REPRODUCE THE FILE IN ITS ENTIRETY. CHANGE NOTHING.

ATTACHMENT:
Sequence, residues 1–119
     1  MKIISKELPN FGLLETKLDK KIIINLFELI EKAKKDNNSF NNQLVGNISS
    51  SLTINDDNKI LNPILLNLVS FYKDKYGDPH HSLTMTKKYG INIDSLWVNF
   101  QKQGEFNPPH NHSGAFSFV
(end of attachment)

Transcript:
Sequence, residues 1–119
     1  MKIISKELPN FGLLETKLDK KIIINLFELI EKAKKDNNSF NNQLVGNISS
    51  SLTINDDNKI LNPILLNLVS FYKDKYGDPH HSLTMTKKYG INIDSLWVNF
   101  QKQGEFNPPH NHSGAFSFV